Predictably, students were outraged by the program. Putting aside the “mommy knows best” dimensions of the initiative, the most common student refrains addressed the allegedly-high-costs of the program, the lack of an opt-out, and the fact that the program did not cost-differentiate between classes of student (i.e. fourth-year versus first-year, science versus humanities, etc.). Valid concerns, all, but also voiced too late in the process to impact the (at least initial) implementation of the program.
From a professorial and/or administrative view, this program is a win. It relieves students of their purchasing responsibility, and also disincentivizes the students from engaging in illegal and/or time-consuming behaviour to game the system for a few bucks. Under this arrangement, the Library also benefits as well, as we’re no longer expected to outlay scarce resources on textbooks which will not meaningfully bolster our collections. The students, however, are resentful of the program’s mandated costs, and also feel patronized by the implication that they can’t manage their own education. Where this goes from here is anyone’s guess, but I think we can all agree we’re entering a new era at IC. Comments?
As a point of philosophy, I’ve never seen much value in creating note-perfect bibliographic citations. What learning objectives are we hoping to achieve through the production of such lists? By way of background, I co-teach two sections of a first-year English composition course, and I recently delivered a “citation and referencing” session for each of those two sections. I have conflicted feelings about devoting class time to citation, and I’m not alone in that sentiment, either — the librarian fellowship has been trying to shake off bibliographic instruction for many years now, and while the profession has had a degree of success, the popular mind still conceives of librarians and library workers as the go-to citationists.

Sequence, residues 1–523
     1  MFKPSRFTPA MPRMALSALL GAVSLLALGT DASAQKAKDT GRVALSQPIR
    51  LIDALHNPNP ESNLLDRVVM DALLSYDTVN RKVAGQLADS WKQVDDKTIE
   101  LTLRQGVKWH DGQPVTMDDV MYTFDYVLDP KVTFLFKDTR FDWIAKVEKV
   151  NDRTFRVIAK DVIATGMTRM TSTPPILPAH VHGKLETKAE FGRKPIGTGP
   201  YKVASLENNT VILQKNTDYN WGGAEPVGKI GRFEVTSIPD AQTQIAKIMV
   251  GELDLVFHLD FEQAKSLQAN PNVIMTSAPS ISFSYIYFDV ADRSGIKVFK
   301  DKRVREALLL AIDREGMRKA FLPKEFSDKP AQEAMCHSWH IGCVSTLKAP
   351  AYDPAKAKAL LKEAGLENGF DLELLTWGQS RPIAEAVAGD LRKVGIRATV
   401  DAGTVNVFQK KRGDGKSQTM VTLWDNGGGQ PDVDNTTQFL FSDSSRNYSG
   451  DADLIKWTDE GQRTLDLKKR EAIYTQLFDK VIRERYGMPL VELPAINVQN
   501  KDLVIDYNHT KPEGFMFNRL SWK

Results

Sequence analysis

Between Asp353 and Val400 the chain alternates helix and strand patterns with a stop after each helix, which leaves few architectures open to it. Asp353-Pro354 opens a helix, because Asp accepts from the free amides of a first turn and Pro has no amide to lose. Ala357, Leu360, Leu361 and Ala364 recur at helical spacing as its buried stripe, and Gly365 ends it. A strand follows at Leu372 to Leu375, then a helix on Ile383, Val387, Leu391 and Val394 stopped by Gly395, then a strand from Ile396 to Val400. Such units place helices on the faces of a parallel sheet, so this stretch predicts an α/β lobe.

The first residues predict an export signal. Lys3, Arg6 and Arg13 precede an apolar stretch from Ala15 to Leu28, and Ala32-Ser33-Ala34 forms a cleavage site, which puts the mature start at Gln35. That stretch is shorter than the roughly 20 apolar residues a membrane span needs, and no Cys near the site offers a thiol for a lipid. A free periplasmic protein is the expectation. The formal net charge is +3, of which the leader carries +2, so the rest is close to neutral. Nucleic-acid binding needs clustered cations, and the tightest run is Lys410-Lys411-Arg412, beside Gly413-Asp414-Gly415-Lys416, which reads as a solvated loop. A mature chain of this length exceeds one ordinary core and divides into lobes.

The genesis of this librarian-citation association is, I’m sure, an interesting one, but I wonder if the business of citation shouldn’t just be handed over to writing centers, campus tutors, and automated modules. That the handover hasn’t occured is, I assume, resultant from the fact that many faculty still expect their students to produce a formally pristine reference, and that librarians are seen as the only sufficiently pedantic party to offer instruction on the matter. I won’t deny our profession has its share of pedants and obsessives, but even that element can’t seem to muster much energy for citation instruction anymore. So where do we go from here?
At Schewe Library, I’d say nowhere. An “anything-other-than-citation” culture hasn’t really developed here, and my guess is we’re probably 5-years away from it evolving naturally. During one of my “citation and referencing” sessions, one of the students rightfully noted that we might just as well reference using a URL/hyperlink and call it a day. I couldn’t agree more, and given that the “big 3” citation styles — APA, MLA, and Chicago — were developed decades, and in some cases, generations, before commercial Internet service, it seems preposterous that we would still be referencing with them. But such is life, I suppose.